This ain't no party, this ain't no disco. This is serious business. What happened to the days of a carton of eggs and few rounds of Blowin' in the Wind? Now there's street parties and animal liberationists, anarchists and after-protest parties.

I would probably have more respect for the protesters if they just gathered in a large parking lot and threw eggs at the cops. At least back in the days of my cousin Fran, they spoke in one voice, for one cause.

Now, it's become a contingent of confusion. There are so many causes and protests wrapped into one that the main goal of the marches is all but lost amidst the planned violence and voices of fringe organizations.

We get it. We know you don't like war. Guess what? No one does.

Now, instead of counter protesting like I wanted to do, I will stay in the safety of my own home. The violence and anger inherent in today's peace protests is frightening. And the irony seems to be lost on those who should see it the most.

Comments

Ah, the irony of a violent peace protest. Can't these idiots take a moment to step back and look at themselves? If they did, surely they would see the stupidity and double standards that the rest of of see.

Andy

I think I'd have more respect for these people if, during a protest, they became wrapped up in the moment and lost themselves in the emotion.

But to plan it?

"O.K - At 9:32 am, we'll have group A start crying uncontrollably. Bring your onions. At 9:37, we should start rocking the police car on 4th and main"

"What about bathroom breaks"

"Well, when we're in Starbucks at 9:43, I guess we should go then"

"Doesn't Starbucks underpay all the coffee growers in other countries and artificially inflate coffee prices so they can sell a $.25 latte for $4.50?"

"Yeah, I guess they do. Let's go ahead and add that protest in after the 'Free J. Walker' puppet show at 10:33"

SOOOO well written. You spoke for many of us with this post. We'll have a helluva weekend here in the Bay Area with Chinese New Year on Saturday and the Planned Anarchy on Sunday. No way I'm going into the city this weekend.

You said it right when you said "We get it. We know you don't like war. Guess what? No one does." I just don't think one is supposed to fear a peace march more than the actual war. That just seems wrong.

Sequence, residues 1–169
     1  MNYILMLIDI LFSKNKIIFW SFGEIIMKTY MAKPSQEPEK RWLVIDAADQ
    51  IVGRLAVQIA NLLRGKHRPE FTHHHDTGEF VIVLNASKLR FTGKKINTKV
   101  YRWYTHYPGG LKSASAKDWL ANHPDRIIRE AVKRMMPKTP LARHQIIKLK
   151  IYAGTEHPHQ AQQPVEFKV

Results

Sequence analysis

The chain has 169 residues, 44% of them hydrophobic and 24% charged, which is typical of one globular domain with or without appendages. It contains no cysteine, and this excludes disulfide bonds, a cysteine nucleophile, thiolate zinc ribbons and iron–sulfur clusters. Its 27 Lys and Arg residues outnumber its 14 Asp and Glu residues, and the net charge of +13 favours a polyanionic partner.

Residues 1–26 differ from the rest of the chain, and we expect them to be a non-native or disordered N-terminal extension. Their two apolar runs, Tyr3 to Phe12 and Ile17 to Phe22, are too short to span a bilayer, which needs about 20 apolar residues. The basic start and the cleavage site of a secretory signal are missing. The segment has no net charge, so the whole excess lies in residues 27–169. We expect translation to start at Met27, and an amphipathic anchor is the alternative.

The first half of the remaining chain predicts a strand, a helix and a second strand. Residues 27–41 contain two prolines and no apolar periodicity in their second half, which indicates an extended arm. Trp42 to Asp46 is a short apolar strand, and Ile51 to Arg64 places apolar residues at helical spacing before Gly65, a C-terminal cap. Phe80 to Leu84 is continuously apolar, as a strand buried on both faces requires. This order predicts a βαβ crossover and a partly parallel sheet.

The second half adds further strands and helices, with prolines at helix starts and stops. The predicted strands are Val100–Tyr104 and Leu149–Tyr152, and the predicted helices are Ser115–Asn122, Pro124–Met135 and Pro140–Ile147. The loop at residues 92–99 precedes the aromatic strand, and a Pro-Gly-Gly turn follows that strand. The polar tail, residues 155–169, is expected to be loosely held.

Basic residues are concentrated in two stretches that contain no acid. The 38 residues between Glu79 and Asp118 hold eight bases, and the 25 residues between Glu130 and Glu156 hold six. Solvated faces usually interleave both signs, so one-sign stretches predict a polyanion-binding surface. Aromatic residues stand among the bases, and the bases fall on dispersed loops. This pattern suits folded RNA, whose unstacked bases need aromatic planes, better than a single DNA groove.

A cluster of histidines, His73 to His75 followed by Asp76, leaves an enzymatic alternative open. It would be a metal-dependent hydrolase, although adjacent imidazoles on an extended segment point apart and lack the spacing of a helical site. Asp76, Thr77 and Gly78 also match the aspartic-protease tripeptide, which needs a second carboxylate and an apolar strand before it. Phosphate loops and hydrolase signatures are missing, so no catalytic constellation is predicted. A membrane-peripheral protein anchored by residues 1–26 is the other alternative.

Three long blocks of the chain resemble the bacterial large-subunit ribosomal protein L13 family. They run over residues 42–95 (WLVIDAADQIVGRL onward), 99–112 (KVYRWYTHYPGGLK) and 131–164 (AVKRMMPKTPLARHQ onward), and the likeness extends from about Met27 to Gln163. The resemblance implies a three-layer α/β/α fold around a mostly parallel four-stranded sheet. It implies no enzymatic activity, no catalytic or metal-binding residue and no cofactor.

Legally, couldn't some of the "protest plans" be regarded as conspiracy? Just curious.
Our counter-terrorism er, counter-protest plan was to get my husband to dress in his grey suit (replete with dark glasses) and walk quietly through the crowd with a camera and an earphone. He bears an uncanny resemblence to Al Pacino in "The Godfather". And he has a concealed weapons permit too;-). he! Of course, we too are terrified of these people and it was fun just to think about it. I know we do not live in a big town, but being in the middle of Leftyville, our "protests" can get quite gnarley around here.

I'm coming to your house tomorrow.

Come on over, Faith. You can help me hand out "no oil for pacifists" flyers at the LIRR.

So, how did Fran turn out? And what evil practices was a grocery store up to in those days?

Fran eventually became a flaky school teacher. She still is a flaky school teacher.

She's got a heart of gold.

The store wasn't doing anything evil. They just had the biggest parking lot at the time.

I clicked on the NLG link you put in with some interest, having graduated from law school last year. Apparently, they're cooperating with the People's Law Collective.

The PLC is described as a "local anarchist legal collective," a term that just reeks of irony.

If possible, I have less respect for the NLG. One is known by one's associates after all. If your associates are the PLC and A.N.S.W.E.R., that pretty much says it all.

Regards,
Tony